Hydrogen-enriched water … it conjures up conflicting images of a nuclear reaction, or perhaps the latest, weird health fad to appear (which will soon disappear – leaving a few people rich and everyone else disappointed.) The fact that it’s another water-plus product doesn’t inspire much confidence. How could, after all, adding more hydrogen gas molecules to water really make a difference?

Hydrogen plus oxygen forms water. Could adding more hydrogen to the mix be helpful?

In fact, there is a way. Hydrogen, it turns out, is a potent antioxidant – meaning it appears to be quite good at sopping up some of those free radicals that chronic fatigue syndrome (ME/CFS) studies suggest our bodies are full of.

In their search for stability, free radicals or reactive oxygen species (ROS) tear holes in the membranes of our cells. As they do that, they liberate more free radicals – sometimes producing a kind of free radical storm, which damages our cells and prevents them from functioning properly. Studies indicate that neither ME/CFS nor FM patients’ antioxidant systems are keeping up.

Some researchers believe hydrogen may actually be one of the best antioxidants around. While other antioxidants interact with all kinds of reactive oxygen species – including helpful ones – hydrogen appears to reduce only the levels of the worst free radicals. That includes the most dangerous reactive oxygen species known, the hydroxyl radical (OH-), as well as peroxynitrite (OONO-), the reactive oxygen species that forms the basis of Martin Pall’s OONO- ME/CFS hypothesis. More recent research indicates that H2 promotes the gene expression of several other antioxidants including superoxide dismutase (SOD).

Plus, hydrogen gas’s small size – it’s the smallest molecule – allows it to diffuse across membranes and penetrate into the tiniest corners of our tissues and cells.

Possible Benefits

A wide range of possible benefits are being looked at:

Inflammation Reducer? – Evidence that H2 – whether present in water or as a gas (or even in bath water) – may help is building.  A randomized, double-blinded, placebo-controlled study found that an H2 infusion reduced pain and inflammation in rheumatoid arthritis.

Metabolism Enhancer? – Just this year, a similar trial found significant improvements in metabolic factors (blood cholesterol and glucose levels, attenuated serum hemoglobin A1c) and reduced markers of inflammation in metabolic syndrome. The reduction in A1c was an interesting finding given a recent study suggesting that A1c might be increased in fibromyalgia.

PEM Reducer? – Another interesting possibility concerns H2’s potential to reduce the increased oxidative stress and inflammation that Dr. Klimas’s exercise studies find in ME/CFS. Given the massive amounts of oxidative stress that exercise incurs, even in healthy people, it’s no surprise to see H2 studies popping up in Sports Science journals. Given the recent lactate findings in ME/CFS, a reduction in blood lactate levels in soccer players was intriguing.

Mitochondrial Aid? – Perhaps the most interesting trial for ME/CFS and FM, though, was a 2012 trial which found that hydrogen water improved mitochondrial functioning (lactate-to-pyruvate ratios, fasting blood glucose, serum matrix metalloproteinase-3, serum triglycerides) in two mitochondrial diseases.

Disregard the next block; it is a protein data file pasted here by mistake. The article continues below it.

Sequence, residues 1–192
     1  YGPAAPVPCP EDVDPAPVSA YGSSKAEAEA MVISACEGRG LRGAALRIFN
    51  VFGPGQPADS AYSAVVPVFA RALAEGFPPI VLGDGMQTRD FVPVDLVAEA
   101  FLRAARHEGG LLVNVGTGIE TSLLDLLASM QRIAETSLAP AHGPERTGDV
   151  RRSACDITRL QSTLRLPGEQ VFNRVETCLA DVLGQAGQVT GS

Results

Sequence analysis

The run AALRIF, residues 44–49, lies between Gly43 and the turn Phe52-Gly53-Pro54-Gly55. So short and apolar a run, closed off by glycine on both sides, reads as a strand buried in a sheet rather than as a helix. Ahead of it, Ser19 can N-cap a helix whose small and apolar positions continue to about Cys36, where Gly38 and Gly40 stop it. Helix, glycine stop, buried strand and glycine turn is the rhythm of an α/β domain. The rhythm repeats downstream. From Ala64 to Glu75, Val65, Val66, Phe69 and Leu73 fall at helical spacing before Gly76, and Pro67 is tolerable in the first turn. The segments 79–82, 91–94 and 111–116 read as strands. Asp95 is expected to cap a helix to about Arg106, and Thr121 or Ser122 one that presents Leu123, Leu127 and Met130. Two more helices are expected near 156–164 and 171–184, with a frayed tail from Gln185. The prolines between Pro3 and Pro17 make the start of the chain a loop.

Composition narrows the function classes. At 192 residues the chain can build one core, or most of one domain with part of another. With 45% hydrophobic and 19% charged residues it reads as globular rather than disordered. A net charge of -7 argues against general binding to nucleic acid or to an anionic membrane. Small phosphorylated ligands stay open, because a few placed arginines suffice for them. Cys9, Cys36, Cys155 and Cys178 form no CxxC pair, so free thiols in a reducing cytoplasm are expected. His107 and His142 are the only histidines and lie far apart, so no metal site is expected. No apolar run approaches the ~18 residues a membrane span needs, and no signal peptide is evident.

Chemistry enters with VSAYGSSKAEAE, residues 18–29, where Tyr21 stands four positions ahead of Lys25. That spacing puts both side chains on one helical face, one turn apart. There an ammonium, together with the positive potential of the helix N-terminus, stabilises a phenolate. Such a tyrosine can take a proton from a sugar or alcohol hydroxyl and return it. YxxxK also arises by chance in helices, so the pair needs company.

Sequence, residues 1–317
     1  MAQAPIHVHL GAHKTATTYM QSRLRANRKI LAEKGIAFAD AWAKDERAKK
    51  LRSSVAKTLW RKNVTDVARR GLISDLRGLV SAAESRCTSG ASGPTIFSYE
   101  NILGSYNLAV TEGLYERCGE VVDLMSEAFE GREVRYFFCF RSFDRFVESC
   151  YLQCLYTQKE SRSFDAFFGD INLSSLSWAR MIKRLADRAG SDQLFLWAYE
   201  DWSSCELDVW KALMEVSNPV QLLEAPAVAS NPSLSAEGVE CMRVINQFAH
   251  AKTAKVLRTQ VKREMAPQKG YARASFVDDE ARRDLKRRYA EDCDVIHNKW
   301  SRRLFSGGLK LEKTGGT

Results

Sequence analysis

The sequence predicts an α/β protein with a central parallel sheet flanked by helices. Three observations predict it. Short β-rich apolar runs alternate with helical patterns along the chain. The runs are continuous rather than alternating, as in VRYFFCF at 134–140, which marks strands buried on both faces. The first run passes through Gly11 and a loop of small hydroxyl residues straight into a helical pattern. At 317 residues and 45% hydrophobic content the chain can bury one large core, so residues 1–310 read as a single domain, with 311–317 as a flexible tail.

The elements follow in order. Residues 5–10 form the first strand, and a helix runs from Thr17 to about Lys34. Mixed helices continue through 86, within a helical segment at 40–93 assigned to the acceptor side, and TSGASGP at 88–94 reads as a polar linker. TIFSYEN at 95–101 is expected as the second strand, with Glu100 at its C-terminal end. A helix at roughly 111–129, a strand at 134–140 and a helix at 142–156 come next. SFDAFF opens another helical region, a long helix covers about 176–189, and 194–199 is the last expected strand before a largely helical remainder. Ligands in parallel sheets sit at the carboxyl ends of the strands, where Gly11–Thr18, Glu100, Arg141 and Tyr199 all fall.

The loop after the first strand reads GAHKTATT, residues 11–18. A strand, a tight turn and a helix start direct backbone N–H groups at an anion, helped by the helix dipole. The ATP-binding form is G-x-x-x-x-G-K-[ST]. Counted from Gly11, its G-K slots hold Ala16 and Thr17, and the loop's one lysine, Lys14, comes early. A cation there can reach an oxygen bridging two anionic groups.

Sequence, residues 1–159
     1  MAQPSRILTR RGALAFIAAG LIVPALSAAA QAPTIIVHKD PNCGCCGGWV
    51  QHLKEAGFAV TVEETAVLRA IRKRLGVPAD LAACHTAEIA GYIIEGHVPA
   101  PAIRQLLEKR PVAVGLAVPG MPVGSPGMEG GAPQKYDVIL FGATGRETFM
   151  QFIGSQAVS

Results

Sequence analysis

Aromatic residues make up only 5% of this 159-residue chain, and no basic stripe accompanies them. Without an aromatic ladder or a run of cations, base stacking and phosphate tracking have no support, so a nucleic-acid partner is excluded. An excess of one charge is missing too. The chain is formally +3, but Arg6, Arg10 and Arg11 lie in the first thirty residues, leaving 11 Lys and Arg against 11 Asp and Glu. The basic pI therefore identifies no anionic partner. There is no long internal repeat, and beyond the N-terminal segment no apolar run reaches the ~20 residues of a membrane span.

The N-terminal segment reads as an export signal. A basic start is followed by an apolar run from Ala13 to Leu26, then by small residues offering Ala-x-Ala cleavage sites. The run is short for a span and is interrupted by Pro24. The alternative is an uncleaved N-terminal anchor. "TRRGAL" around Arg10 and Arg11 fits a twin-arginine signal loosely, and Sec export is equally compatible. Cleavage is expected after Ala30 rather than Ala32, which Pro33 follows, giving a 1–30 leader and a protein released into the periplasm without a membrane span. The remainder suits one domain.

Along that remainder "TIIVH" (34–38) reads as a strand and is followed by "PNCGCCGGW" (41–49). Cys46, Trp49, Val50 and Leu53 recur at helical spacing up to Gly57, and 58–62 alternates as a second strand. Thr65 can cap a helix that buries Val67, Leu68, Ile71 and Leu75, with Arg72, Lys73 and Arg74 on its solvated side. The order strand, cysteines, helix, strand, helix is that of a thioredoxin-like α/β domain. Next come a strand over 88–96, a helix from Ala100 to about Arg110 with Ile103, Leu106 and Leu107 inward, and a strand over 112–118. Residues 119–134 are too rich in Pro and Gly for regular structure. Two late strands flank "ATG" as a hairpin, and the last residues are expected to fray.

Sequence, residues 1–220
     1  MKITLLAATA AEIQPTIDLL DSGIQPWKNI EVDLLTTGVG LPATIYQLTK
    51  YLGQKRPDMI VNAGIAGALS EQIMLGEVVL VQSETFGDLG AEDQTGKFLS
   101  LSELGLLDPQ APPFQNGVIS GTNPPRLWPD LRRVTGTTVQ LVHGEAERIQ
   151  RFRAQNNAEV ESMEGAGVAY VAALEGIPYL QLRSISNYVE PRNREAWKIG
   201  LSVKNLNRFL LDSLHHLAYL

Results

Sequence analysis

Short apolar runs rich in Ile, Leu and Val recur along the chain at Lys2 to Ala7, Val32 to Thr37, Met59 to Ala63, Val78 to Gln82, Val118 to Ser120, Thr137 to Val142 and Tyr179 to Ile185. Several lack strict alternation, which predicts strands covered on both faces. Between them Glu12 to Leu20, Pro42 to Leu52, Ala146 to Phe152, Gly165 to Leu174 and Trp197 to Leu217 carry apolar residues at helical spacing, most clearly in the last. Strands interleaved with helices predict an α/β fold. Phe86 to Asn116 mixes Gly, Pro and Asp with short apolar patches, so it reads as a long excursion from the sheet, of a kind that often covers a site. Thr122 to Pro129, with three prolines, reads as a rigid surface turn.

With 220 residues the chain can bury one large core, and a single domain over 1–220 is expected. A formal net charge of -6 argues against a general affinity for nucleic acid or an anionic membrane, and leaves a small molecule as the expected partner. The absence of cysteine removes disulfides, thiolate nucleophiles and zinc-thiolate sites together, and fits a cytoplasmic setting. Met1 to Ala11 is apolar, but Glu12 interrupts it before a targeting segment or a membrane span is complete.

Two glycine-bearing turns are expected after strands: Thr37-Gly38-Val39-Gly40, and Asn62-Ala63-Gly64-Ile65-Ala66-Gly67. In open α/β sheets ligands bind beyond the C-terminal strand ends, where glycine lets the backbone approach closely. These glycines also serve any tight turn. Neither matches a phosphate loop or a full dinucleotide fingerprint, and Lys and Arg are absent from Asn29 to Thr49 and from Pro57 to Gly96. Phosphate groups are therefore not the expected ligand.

Others H2 animal studies have found reductions in allodynia, pain, inhibited glial cell activity, improved cognition, enhanced clearance of the excitotoxic neurotransmitter glutamate, and reduced colonic inflammation.

Hydrogen rich water, it turns out, is not so “woo-woo”, after all. Most the studies done are quite small and more extensive studies are needed, but it’s clearly got some science behind it, and it appears to be safe and easy to administer. Thanks to Fred Friedberg, we now have a small ME/CFS trial going.

The Friedberg Study

Fred Friedberg PhD, is an author, researcher, the President of the International Association for Chronic Fatigue Syndrome/Myalgic Encephalomyelitis (IACFS/ME), and a person with ME/CFS.  The Stony Brook University professor is launching a small pilot study of H2 water’s effect on chronic fatigue syndrome (ME/CFS). He reported:

“I first heard about hydrogen as a potential treatment for chronic conditions at a talk given by a highly regarded neurologist at Stony Brook medical school. As he summed up the scientific literature on the therapeutic uses of hydrogen, I got enthused about its potential in ME/CFS and have started a new treatment study with hydrogen.


Based on this literature and consultation with the neurologist who gave the talk on hydrogen, I’ve started a 6-week controlled pilot trial of hydrogen treatment, funded by my institution.


We hope to enroll 25 volunteers. All study activities are done at home. There are no in-person visits. People can call the number on the ad or send an email to us (also below). The hydrogen is in pill form (OTC supplement) that is dissolved in water. The study will be open to enrollment until we have 25-30 people enrolled.


If you’d like to volunteer or get more information, feel free to call 631-638-0056 or email to: FatigueMECFS@stonybrookmedicine.edu”

Update! – the study has just expanded to include testing for inflammation and oxidative stress. If it’s successful this could go a long way to nailing down a biological effect. As of Sept. 10th, the study still has a few openings. Enroll now if you want to get in it. 

If you’ve tried hydrogen-rich water, please take the poll and tell us how it went.


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